LastPass Hacked, Causing Customer Data To Be Exposed
- In August 2022, the password management service LastPass experienced a cyberattack, and users’ encrypted credentials were taken.
- Through the use of brute force guessing, the attacker might be able to decipher some LastPass users’ website passwords.
- A Master Password is used to encrypt the vaults, making it impossible for an attacker to read them.
- The organization has conducted an investigation and found that the attacker utilized this technical knowledge to hack the device of another employee in order to steal access tokens to client data kept in a cloud storage system.
The password manager Lastpass saw unidentified attackers accessing their servers and stealing customer data in August 2022. This contained their IP addresses from which they used the password locker company services, their passwords, usernames, company names, etc.
The customer’s vault was cloned with all of their information, Lastpass has also confirmed, the company said in a statement on December 23. When thieves gained access to some information on source codes from Lastpass’ development department, data theft took place. Another employee was the target of stealing source codes, and they could obtain passwords and keys to open Lastpass’s cloud-based storage volumes.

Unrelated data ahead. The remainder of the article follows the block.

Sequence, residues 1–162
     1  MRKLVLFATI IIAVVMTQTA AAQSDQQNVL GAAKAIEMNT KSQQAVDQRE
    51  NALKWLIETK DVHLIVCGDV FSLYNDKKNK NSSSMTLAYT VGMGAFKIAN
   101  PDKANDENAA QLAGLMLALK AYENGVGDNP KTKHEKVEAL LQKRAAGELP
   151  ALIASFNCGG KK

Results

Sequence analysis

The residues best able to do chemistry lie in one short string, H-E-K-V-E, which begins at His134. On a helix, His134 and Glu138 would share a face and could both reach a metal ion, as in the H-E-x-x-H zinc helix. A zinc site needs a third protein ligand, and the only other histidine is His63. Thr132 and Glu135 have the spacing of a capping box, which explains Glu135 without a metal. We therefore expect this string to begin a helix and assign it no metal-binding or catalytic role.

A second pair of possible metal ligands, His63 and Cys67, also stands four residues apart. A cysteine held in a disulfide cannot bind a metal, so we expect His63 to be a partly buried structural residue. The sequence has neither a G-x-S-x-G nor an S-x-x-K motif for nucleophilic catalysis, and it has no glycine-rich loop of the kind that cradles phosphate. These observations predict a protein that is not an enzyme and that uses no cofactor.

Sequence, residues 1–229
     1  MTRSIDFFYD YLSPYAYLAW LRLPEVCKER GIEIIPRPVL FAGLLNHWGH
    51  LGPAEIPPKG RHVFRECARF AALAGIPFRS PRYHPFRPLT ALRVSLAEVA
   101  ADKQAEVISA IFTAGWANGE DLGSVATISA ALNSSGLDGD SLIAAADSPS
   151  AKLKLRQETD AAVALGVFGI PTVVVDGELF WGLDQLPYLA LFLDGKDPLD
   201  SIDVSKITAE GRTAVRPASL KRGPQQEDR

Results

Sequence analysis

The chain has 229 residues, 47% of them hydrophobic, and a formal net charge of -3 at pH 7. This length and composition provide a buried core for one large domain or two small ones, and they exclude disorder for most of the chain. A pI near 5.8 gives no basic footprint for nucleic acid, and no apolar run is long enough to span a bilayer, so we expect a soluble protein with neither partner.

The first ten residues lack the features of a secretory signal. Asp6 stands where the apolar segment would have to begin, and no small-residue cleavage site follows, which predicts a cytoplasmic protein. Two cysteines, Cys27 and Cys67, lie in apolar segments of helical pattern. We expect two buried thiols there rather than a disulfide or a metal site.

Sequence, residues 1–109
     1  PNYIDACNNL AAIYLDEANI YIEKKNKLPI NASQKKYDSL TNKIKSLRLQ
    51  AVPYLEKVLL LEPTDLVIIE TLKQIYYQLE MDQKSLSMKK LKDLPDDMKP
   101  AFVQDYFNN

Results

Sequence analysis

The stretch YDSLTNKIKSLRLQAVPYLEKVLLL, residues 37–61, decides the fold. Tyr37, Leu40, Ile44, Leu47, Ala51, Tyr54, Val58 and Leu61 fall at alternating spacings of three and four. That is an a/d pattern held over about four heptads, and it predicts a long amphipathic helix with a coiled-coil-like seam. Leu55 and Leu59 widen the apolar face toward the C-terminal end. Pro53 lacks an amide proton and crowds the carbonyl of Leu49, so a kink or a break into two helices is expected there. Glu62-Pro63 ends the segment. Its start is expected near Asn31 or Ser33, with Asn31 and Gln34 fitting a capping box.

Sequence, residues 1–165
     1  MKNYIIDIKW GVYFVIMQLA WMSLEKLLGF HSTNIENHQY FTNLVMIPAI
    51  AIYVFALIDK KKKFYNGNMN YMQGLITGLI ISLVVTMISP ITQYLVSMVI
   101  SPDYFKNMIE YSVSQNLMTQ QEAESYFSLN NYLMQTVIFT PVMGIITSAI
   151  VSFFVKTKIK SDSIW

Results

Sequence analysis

Encrypted vaults belonging to some clients were also taken. Each customer who uses the LastPass service stores their website passwords in these vaults. Fortunately, the vaults have a Master Password that encrypts them, preventing the intruder from reading them.
The company’s statement underlines the use of cutting-edge encryption by the service, which makes it incredibly challenging for an attacker to view vault files without the Master Password.
“These encrypted fields remain secured with 256-bit AES encryption and can only be decrypted with a unique encryption key derived from each user’s master password using our Zero Knowledge architecture. As a reminder, the master password is never known to LastPass and is not stored or maintained by LastPass.”
Despite this, LastPass acknowledges that if a user has chosen a weak Master Password, an attacker may be able to use brute force to guess it, decrypt the vault, and obtain all of the user’s website passwords.
The LastPass attack proves a point that Web3 developers have argued for years: blockchain wallet logins should take the place of the conventional username and password login mechanism.
This makes the community angry because their information will be revealed, and it can be said that decentralization is gradually disappearing from MetaMask. Immediately, ConsenSys responded to users that they only collect data when users make transactions.
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